Where Can I Make a Bitcoin Address?

Bitcoin addresses are made in Bitcoin wallets. In order to make a Bitcoin address, all you have to do is download a wallet of your choice, and follow the instructions provided – we will cover some specific examples later on.

Note that wallet software does not store bitcoin, in fact, bitcoin never leaves the blockchain. So as long as users backup their wallets, any associated funds can be recovered using any wallet software, because wallets simply track funds across different addresses.

A Bitcoin wallet does not have just one address, it can generate as many addresses as you want. This is important because if a user always reused the same Bitcoin address, anyone would be able to track their finances. Instead, wallets are set up in such a way that your address always changes to help protect your privacy.

Learn more about how Bitcoin wallets work.

How to Get a Bitcoin Address

The first step is to download and set up a wallet of your choice. Although the majority of wallets are free to download and use, there are many other considerations when choosing between wallets. If you are not sure where to start, we have a guide on choosing the right Bitcoin wallet. Once downloaded, installed, and properly backed up, the Bitcoin wallet handles the rest of the address-generation process.

Following the wallet setup process, you will have to navigate through its interface to the “receive” option – this is (generally) right next to the send option. Once you click receive, most wallets will show you a QR code and an alphanumeric Bitcoin address. You can share one of these with the sender. A QR code is most convenient for transactions in person, while the readable address is better for digital payments – though both the QR and alphanumeric string represent the same address.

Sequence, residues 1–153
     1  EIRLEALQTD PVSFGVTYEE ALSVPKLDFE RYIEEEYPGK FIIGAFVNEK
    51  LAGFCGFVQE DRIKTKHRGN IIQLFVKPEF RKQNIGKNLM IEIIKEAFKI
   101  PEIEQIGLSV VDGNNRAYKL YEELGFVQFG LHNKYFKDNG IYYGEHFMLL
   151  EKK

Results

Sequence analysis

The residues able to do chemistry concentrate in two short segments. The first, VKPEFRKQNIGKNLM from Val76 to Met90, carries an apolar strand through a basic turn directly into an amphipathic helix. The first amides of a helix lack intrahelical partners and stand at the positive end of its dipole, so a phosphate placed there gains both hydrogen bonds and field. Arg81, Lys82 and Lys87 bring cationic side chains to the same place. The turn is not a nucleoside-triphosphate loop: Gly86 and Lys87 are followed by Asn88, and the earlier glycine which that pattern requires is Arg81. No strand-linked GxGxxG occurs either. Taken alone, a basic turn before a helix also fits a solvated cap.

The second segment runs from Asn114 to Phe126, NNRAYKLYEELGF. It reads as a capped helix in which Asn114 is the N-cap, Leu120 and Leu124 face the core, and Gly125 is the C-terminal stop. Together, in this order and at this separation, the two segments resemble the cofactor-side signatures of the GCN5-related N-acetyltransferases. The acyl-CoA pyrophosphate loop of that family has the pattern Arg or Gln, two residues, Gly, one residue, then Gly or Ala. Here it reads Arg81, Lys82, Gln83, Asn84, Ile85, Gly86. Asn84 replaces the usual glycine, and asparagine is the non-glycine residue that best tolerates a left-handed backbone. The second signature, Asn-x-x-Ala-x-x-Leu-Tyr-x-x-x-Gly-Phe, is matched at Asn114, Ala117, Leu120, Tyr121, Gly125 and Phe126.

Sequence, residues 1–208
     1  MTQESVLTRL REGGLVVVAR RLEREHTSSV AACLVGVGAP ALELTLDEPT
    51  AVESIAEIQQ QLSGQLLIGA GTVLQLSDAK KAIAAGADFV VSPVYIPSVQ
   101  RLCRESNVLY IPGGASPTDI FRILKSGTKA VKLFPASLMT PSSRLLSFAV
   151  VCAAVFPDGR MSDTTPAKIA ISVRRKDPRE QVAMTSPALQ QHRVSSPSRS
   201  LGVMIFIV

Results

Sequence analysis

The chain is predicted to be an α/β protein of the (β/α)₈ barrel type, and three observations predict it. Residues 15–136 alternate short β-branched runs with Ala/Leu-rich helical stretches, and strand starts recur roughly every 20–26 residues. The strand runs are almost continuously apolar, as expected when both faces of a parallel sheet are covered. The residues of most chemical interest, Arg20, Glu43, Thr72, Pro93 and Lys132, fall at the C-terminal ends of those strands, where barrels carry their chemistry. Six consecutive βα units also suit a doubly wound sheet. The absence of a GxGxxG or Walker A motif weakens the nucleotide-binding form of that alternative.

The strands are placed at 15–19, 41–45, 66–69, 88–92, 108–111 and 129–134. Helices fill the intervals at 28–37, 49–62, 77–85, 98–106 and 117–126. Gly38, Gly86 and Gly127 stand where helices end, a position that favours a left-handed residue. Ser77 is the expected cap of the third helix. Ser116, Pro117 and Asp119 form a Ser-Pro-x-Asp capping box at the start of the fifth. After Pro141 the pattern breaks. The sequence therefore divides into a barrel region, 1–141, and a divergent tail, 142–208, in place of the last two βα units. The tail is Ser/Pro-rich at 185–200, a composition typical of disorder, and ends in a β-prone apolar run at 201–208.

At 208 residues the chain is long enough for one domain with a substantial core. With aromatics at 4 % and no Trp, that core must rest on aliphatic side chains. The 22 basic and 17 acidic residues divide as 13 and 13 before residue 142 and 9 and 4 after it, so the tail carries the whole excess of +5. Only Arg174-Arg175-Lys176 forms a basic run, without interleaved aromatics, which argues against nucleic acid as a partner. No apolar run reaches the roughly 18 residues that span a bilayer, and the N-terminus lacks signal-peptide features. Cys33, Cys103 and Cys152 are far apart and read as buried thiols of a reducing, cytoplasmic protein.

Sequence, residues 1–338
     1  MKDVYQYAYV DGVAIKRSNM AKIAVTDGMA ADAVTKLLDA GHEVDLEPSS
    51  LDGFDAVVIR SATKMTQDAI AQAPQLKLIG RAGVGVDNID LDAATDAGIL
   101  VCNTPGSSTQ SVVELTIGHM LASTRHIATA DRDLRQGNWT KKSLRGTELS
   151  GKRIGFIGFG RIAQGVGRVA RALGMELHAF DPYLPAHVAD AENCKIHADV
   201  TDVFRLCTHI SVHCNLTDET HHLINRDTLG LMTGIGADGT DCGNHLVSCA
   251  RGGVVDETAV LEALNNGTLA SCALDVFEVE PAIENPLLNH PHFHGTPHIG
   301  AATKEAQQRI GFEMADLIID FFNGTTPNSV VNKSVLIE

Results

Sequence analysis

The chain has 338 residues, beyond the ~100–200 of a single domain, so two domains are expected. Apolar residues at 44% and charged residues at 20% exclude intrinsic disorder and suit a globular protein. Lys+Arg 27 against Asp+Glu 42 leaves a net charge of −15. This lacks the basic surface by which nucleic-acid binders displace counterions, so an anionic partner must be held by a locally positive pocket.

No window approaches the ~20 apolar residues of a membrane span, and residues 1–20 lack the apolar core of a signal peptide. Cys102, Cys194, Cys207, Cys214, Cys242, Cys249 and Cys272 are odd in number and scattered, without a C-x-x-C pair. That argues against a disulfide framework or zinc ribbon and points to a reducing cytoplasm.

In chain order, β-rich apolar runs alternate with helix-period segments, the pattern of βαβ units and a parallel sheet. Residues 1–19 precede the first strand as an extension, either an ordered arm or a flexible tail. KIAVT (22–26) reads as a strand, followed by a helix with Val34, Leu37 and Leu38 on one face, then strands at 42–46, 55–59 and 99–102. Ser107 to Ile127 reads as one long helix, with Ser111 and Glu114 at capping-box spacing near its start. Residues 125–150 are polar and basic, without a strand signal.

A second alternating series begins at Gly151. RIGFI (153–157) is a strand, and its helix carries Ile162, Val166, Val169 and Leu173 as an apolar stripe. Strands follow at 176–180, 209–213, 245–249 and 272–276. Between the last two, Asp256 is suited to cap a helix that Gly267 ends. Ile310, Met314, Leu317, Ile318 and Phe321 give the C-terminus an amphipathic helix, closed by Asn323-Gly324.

The following sections will demonstrate how to find Bitcoin addresses in a wallet. To give a few practical examples, we will use Blockstream’s Green Wallet for mobile, Craig Raw’s Sparrow Wallet on desktop, and show you what it looks like in River’s own wallet.

We selected Blockstream’s Green Wallet because it has a very intuitive user interface, with plenty of additional features that advanced users can explore, too. Sparrow Wallet is a featureful, interoperable wallet application that can be used as a standalone wallet on desktop, or be connected to nearly any hardware wallet, and was designed to guide users toward Bitcoin custody best practices. There are many other wallet options out there that we would encourage you to explore.

Mobile Wallet Example - Blockstream’s Green Wallet

Green Wallet is a beginner-friendly wallet application that provides users with all the necessary information to send and receive bitcoin. Green wallet has been around for years, is battle-tested, and is customizable to suit the needs of all users.

After entering the previously specified PIN code, users will be shown the home screen below. On this screen, you will see the wallet’s name in the upper right corner, the balance of funds controlled by the wallet, the type of addresses generated by the wallet, and a list of past transactions.